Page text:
We are about to hit the season for new books about Paddy and associated book news and plugs here on the blog. There are two books about the Kreipe kidnap due out this autumn. Paddy’s own account Abducting a General: The Kreipe Operation and Soe in Crete will follow on 9 October, but first on the grid is Kidnap in Crete: The True Story of the Abduction of a Nazi General by Rick Stroud (Bloomsbury) which is published on Thursday 11 September. The introduction to this Telegraph article gives us a dramatic start: Backed by local guerrillas, Patrick Leigh Fermor and William Stanley Moss led an audacious operation in wartime Crete that is celebrated in a new book. I am sure we will be buying them…

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The History Girls: Hide & Seek, by Clare Mulley

Originally posted on The History Girls

Paddy Leigh Fermor with Xan Fielding courtesy of The National Library of Scotland

This month The Folio Society republished one of the great memoirs of the Second World War; Xan Fielding’s Hide & Seek. Described by Antony Beevor as, ‘one of the great modern books not just of the Cretan resistance; it is one of the great books of the Second World War’, Hide & Seek recounts with powerful immediacy, humour and unsparing honesty the drama, tedium, exhilaration and anguish of organising reconnaissance and resistance behind enemy lines on Crete.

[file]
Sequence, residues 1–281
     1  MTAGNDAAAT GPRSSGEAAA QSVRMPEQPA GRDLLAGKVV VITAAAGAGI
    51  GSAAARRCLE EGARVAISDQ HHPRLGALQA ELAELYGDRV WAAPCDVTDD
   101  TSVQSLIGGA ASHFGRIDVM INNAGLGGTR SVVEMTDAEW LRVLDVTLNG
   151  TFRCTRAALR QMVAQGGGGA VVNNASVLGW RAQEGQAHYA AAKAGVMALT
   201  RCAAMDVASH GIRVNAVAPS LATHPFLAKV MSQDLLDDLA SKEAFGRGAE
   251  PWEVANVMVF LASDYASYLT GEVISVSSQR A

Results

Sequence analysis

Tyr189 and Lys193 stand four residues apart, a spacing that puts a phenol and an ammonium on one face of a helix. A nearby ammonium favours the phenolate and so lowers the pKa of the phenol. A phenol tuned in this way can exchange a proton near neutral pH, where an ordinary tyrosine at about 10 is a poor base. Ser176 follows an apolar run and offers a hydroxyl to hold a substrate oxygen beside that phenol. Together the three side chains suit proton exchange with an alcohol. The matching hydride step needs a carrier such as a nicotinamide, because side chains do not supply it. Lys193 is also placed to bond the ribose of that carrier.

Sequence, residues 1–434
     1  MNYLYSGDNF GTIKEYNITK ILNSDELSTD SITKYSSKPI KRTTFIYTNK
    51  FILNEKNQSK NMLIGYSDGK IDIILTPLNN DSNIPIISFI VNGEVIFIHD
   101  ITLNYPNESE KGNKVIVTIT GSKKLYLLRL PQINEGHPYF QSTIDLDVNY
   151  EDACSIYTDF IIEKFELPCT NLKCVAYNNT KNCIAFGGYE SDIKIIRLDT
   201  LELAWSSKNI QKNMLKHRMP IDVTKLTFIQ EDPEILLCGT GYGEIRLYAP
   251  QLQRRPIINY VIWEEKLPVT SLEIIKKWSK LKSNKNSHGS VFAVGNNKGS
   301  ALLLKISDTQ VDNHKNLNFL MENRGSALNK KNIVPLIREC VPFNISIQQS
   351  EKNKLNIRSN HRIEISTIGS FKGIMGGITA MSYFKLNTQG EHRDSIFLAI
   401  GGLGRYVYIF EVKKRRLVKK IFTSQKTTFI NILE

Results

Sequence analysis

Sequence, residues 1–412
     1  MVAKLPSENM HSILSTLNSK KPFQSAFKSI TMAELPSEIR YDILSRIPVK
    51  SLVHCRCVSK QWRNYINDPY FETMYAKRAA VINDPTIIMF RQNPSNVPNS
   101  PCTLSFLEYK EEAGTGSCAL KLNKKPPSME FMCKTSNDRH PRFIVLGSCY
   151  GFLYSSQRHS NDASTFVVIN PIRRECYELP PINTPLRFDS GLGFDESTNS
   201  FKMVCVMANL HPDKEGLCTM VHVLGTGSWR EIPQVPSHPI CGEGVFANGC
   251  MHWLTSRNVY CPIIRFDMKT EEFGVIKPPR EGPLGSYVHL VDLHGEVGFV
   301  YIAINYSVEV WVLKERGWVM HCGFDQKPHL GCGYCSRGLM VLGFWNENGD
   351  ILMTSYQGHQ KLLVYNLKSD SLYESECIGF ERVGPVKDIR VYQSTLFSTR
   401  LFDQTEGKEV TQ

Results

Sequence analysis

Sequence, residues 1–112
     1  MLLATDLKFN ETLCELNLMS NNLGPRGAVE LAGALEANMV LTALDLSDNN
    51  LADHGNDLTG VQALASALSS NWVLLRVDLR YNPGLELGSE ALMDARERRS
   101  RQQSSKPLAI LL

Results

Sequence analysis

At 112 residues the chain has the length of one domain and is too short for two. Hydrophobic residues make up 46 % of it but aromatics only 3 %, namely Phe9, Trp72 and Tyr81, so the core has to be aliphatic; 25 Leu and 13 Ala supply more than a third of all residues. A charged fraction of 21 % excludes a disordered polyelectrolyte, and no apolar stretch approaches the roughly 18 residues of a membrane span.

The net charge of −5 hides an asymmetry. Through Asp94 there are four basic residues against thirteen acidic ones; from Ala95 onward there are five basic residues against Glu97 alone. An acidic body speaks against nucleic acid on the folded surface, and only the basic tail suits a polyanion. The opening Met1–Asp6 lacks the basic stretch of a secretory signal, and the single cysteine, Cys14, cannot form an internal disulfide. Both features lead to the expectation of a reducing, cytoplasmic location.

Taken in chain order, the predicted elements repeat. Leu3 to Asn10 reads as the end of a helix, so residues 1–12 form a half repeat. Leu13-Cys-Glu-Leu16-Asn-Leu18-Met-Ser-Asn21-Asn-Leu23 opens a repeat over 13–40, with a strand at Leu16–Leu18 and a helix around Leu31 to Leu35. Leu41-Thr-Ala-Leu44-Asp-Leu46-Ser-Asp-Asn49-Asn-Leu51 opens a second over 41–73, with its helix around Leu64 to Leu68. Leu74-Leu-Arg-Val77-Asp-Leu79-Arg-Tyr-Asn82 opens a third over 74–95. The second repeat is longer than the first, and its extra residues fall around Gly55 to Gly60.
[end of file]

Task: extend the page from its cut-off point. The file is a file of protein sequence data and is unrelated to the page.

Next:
I first read Hide & Seek when I was researching my biography of Krystyna Skarbek, aka Christine Granville, the first woman to work for Britain as a special agent during the war. Christine had saved Xan’s life, at huge personal risk, in the summer 1944 while they were both serving in occupied France. Xan never forgot his debt, and dedicated Hide & Seek to Christine’s memory, so I was thrilled when Folio asked me to …